The attack lasted from 10.03h to 11.37h.  In the turmoil, two Sperm Whales got separated from the pod and were immediately pursued by about six Killer Whales, which swam about 2m from their quarry.  The two separated Sperm Whales managed to re-join the maternal pod when three large male Sperm Whales rushed to their rescue and came between them and the attackers.  It was evident that the Sperm Whales were agitated; their faeces stained the water orange (Image 7).  As the Killer Whales continued their attack, the Sperm Whales changed orientation, bringing their heads into the middle, tails outwards, creating a ‘marguerite’ formation (Nishiwaki 1962).  This did not seem to slow the intensity of the attack, however, so the Sperm Whales reoriented their heads outward, while maintaining the circle formation, now apparently using our nearby boat as another line of defence.  The large male Sperm Whales appeared to be trying to shield the females and young from the attacking Killer Whales, opening and closing their mouths to show their teeth.  By now, blood was visible in the water.  We observed the predators led by the same adult female (Female 1) take bites out of the male defenders, mostly from their bellies and tail stock, beneath the surface.  Several Sperm Whales bore scars, from bite marks of the Killer Whales.

After approximately 90 minutes of sustained attack, the Killer Whales gradually started to peel off and we observed them at a distance; they were very active, tail slapping, breaching and, at times, spy hopping.  We followed the Killer Whales.  Abruptly, the Killer Whales came directly at our research vessel and started to circle it.  Closer and closer they came, surrounding us the same way they had surrounded the Sperm Whales.  Then one butted our boat; we clearly felt the impact.  As we recorded the incident on our GoPro camera, five Killer Whales charged directly at our vessel and dove suddenly just a couple of metres below our boat, passing <1m away from the hull.  This behaviour was similar to the technique used by Killer Whales in the Antarctic to dislodge seals from ice floes (Pitman et al. 2001).  After this, the Killer Whales broke off and moved away from us all the while displaying a lot of surface activity.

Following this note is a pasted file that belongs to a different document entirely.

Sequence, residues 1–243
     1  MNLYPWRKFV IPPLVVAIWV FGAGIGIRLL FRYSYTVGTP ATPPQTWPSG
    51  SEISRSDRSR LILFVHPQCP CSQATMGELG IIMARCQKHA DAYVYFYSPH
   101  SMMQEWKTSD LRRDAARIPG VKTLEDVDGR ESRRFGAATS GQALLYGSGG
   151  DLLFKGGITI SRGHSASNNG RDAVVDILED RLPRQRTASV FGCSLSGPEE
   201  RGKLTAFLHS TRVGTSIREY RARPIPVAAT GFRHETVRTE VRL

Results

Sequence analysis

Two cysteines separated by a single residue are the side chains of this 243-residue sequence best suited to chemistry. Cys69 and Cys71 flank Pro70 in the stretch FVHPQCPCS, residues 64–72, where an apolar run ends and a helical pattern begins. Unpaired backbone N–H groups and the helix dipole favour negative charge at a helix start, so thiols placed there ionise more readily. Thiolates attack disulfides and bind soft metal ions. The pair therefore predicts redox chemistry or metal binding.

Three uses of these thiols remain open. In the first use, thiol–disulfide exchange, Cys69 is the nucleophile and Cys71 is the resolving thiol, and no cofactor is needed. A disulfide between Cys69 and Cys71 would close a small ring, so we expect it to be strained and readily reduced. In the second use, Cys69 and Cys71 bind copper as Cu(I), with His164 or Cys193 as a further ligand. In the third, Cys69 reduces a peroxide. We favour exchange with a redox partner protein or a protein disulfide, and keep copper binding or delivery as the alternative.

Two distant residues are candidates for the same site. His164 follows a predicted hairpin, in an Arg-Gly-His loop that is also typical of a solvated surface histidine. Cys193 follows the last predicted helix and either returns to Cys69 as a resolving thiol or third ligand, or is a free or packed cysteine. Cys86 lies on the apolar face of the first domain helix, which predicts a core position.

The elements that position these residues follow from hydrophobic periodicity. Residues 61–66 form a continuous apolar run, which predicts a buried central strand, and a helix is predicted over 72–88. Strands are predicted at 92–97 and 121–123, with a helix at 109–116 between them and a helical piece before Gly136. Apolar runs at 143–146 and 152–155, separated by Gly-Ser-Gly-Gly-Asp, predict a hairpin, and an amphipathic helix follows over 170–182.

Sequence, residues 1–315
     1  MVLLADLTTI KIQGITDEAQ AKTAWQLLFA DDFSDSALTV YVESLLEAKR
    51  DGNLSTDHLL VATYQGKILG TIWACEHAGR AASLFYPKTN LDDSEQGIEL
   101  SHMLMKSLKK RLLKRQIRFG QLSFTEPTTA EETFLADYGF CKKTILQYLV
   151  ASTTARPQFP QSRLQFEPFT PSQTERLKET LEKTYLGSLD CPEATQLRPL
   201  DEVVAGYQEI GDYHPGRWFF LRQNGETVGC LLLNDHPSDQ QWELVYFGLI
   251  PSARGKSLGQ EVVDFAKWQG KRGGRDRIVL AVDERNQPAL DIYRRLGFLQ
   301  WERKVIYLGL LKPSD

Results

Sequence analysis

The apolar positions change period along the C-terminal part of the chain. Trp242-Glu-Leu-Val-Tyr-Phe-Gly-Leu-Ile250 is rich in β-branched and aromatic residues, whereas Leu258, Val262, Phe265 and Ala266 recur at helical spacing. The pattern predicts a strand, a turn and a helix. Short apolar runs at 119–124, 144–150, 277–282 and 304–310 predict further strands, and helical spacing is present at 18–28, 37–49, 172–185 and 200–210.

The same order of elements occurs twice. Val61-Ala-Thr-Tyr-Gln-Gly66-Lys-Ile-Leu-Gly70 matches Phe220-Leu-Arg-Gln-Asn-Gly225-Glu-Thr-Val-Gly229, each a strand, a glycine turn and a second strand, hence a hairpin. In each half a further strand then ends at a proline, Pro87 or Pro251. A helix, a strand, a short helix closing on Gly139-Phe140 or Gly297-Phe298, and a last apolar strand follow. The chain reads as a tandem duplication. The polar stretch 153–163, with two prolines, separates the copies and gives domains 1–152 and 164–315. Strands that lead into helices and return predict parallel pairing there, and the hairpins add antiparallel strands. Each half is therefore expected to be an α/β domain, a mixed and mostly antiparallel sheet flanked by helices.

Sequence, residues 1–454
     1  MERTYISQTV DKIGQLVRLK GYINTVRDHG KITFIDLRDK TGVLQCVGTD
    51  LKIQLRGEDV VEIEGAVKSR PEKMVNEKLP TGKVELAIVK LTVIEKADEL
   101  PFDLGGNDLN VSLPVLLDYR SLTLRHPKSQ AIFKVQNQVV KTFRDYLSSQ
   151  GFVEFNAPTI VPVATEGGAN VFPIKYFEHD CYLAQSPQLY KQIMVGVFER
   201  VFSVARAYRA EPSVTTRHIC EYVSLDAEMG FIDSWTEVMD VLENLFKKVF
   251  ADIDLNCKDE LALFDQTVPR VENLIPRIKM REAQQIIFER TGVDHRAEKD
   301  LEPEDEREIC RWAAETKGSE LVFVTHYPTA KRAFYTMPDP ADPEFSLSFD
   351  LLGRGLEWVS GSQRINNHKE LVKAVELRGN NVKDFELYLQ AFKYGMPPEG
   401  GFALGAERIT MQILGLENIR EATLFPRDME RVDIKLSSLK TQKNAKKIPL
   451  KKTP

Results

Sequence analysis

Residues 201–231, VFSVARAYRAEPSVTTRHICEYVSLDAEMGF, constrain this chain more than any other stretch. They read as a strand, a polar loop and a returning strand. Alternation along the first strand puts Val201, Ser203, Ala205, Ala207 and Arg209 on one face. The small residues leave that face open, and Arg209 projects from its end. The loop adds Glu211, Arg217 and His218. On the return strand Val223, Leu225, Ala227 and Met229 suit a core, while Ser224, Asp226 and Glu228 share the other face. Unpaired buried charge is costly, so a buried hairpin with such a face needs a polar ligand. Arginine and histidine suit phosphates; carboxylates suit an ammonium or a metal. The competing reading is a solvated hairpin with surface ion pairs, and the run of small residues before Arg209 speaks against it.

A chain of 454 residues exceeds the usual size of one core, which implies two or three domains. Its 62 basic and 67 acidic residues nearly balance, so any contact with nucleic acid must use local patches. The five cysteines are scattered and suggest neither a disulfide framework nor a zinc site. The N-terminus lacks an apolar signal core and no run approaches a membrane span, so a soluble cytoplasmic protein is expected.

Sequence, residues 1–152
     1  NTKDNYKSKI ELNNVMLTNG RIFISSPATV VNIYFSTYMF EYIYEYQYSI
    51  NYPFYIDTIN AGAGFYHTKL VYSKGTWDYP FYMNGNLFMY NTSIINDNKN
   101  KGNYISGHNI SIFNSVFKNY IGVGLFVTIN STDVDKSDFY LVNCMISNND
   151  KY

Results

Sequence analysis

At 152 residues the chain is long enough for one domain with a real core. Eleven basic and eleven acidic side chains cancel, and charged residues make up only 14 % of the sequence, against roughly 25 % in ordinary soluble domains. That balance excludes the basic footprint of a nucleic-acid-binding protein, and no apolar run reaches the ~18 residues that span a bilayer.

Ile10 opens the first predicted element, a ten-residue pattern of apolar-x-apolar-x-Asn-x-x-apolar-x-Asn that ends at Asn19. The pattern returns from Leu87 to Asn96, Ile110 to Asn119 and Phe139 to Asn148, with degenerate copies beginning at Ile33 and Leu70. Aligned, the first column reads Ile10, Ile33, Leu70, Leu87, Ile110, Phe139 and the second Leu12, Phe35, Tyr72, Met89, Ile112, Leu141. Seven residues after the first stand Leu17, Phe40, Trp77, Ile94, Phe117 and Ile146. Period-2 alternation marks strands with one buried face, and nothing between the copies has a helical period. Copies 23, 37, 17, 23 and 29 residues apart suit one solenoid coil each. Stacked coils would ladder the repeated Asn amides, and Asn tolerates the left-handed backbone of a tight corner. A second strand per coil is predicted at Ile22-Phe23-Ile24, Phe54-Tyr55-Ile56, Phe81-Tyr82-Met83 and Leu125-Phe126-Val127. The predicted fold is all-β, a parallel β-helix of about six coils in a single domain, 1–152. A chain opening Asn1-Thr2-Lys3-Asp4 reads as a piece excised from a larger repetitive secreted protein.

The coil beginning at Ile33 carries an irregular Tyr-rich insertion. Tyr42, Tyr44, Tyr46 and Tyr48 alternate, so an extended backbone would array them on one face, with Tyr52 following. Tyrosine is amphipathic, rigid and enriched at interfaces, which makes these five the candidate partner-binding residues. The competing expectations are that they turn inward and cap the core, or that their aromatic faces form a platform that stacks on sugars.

Observation 2: 3 April 2017

At 10.00h, a group of about 20 Killer Whales was observed, comprising all the members of the pod observed on 18 March 2017, as well as eight new members.  This pod was made up of adult females, two large adult males, sub-adult males/females and two calves and they were sighted approximately 10nm from shore.  The pod was travelling in a northerly direction with consistent surfacing intervals.  At around 10.20h, the pod suddenly changed direction and started heading north-east with increasing speed.  Our first sighting of Sperm Whales occurred at 10.45h, about 2nm from the 18 March location.  It is customary for the superpods of Sperm Whales in the Gulf of Mannar to break up into smaller pods of 20–30 individuals around the end of March (RN unpublished).  The Sperm Whales we encountered on 3 April comprised such a smaller grouping and consisted of females, young, and five large males.

The Killer Whales started to attack the Sperm Whales as soon as they encountered them at 10.52h (the depth of the water was 1,021m).  Led by the same lead female (Female 1) (Image 3) we observed during the March 18 encounter, the Killer Whales commenced by nudging and ramming the adult females, in an attempt to get at the calves, while swimming abreast of them.  The Sperm Whales responded by swimming rapidly away, with their bodies almost leaving the water, with the predators in close pursuit.  Except for the two male Killer Whales that stayed about 20m away, all the other Killer Whales repeatedly charged the Sperm Whale pod from left and right.  The Sperm Whales were swimming abreast with the calves in the middle.  At 11.09h we observed at least five additional Killer Whales appearing to join the attack.  The Sperm Whales stopped swimming, and seemed agitated, with considerable surface activity and splashing.  They were defecating as was evident from the orange-stained water.  The large Sperm Whale males, turned on the Killer Whales, and began to chase them away, the Killer Whale pod started to swim away at great speed.  The whole incident lasted two hours.